I am so at home in Dublin, more than any other city, that I feel it has always been familiar to me. It took me years to see through its soft charm to its bitter prickly kernel - which I quite like too.

Home Uncategorized On the Waves of the Surreal

On the Waves of the Surreal

Tim Murphy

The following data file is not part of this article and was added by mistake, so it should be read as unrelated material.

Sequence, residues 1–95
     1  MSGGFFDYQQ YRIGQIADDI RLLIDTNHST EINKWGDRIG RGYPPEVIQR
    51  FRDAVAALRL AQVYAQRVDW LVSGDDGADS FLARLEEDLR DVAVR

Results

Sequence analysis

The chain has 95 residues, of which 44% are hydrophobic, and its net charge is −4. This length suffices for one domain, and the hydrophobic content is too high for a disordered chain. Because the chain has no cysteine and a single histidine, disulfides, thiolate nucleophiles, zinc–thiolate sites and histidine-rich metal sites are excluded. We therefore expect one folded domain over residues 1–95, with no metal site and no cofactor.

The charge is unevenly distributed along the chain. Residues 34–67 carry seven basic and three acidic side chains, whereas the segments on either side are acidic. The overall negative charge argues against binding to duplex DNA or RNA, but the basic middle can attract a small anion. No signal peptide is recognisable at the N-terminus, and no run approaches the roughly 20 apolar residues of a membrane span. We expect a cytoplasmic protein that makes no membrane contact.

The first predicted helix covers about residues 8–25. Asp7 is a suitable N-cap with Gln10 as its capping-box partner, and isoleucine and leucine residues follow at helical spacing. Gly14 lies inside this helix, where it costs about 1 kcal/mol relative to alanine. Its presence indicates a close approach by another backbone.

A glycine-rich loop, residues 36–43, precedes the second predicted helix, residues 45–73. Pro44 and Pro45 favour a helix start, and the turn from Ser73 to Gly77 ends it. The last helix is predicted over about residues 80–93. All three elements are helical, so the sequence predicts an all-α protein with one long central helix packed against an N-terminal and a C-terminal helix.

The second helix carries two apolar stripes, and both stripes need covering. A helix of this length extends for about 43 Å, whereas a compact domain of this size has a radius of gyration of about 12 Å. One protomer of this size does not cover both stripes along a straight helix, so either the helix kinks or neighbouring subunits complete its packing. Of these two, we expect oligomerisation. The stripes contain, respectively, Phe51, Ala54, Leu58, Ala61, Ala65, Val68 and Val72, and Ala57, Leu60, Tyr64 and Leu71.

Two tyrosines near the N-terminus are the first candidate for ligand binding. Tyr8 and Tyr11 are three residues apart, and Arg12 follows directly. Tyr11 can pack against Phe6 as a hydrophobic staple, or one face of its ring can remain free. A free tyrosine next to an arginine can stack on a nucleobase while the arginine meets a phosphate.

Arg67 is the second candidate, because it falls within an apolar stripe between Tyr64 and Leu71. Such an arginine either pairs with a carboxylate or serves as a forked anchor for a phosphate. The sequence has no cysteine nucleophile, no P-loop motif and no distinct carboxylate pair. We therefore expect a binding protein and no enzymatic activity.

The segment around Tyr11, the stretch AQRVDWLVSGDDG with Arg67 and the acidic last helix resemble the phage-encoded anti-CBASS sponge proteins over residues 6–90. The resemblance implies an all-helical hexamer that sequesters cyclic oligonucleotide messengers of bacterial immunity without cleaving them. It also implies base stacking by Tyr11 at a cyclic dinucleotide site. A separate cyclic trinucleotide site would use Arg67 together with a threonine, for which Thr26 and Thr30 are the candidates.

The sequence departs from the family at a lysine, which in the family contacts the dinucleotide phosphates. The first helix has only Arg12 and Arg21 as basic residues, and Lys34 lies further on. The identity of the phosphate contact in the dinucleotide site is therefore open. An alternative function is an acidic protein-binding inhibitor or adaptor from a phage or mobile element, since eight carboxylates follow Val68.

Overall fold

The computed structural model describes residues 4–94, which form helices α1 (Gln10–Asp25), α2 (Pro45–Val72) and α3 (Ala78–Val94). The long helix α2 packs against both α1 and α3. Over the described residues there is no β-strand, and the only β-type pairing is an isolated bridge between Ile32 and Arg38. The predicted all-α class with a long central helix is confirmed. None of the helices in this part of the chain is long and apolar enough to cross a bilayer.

The Flying Dutchman, by Anatoly Kudryavitsky, Glagoslav Publications, 254 pp, €21.99, ISBN: 978-1911414872 Despite the influence of writers like Jonathan Swift and JM Synge on the early development of the movement, it is noticeable that few, if any, Irish writers were out-and-out surrealists. Samuel Beckett, Brian Coffey and George Reavey, for example, were modernists with strong surrealist tendencies, and other Irish writers – Flann O’Brien is the most obvious example – incorporated surreal elements on an episodic basis. But literary surrealism really came to Ireland in the second half of the twentieth century from original and translated French works by writers like David Gascoyne. The Irish tradition has recently received a new lease of life through the work of the Moscow-born and Dublin-based Russian-Irish writer, editor, translator and publisher, Anatoly Kudryavitsky. Born in Moscow and educated at the Moscow Medical Academy, Kudryavitsky was a black-listed samizdat writer whose poetry and short stories were first published openly in Russia in 1989. He left Russia in the late 1990s and lived briefly in Germany before moving to his current Dublin location. He is best known in Ireland as a haiku poet – he has published three books of haiku in English, and is currently the editor of Shamrock, Ireland’s haiku journal. In recent years, however, his poetic attention has shifted to surrealist poetry, and in 2017 he launched the online magazine SurVision. This is currently the only international magazine devoted exclusively to surrealist poetry, and it was followed in 2018 by SurVision Books, an imprint that has already published an impressive range of titles by Irish and international surrealist poets such as Helen Ivory, George Kalamaras, Noelle Kocot, Anton G Leitner, Ciaran O’Driscoll and John W Sexton. In 2019, the American publishing house MadHat Press will bring out Kudryavitsky’s own collection of surrealist prose poems, The Two-Headed Man and the Paper Life. The publication in English of Kudryavitsky’s third novel, The Flying Dutchman, is another significant event for the Irish surrealist tradition – even if all the events in the novel, which is set in the 1970s, take place in Russia. Konstantin Alpheyev, a well-known Russian musicologist, finds himself in trouble with the KGB, the Soviet-era secret police, after the death of his girlfriend, Beta. Gamma, an old friend of Alphaeyev and Beta, turns out to have been responsible. After Gamma reveals that he works for the KGB, he tries but fails to murder Alpheyev, who instead causes…

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